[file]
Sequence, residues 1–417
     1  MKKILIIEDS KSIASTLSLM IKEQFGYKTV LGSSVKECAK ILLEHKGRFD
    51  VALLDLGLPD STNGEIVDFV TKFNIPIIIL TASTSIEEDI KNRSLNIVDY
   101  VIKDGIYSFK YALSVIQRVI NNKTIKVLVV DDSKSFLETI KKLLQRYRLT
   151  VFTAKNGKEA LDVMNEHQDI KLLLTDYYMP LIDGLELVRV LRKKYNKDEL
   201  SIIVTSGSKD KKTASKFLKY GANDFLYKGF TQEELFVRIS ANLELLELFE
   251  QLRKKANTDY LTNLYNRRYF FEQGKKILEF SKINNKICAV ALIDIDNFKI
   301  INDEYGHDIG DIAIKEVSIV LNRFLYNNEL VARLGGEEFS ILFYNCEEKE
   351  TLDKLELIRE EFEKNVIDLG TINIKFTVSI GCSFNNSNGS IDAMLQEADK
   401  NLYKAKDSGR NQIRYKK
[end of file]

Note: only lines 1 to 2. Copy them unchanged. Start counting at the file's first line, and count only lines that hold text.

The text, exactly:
Sequence, residues 1–417
     1  MKKILIIEDS KSIASTLSLM IKEQFGYKTV LGSSVKECAK ILLEHKGRFD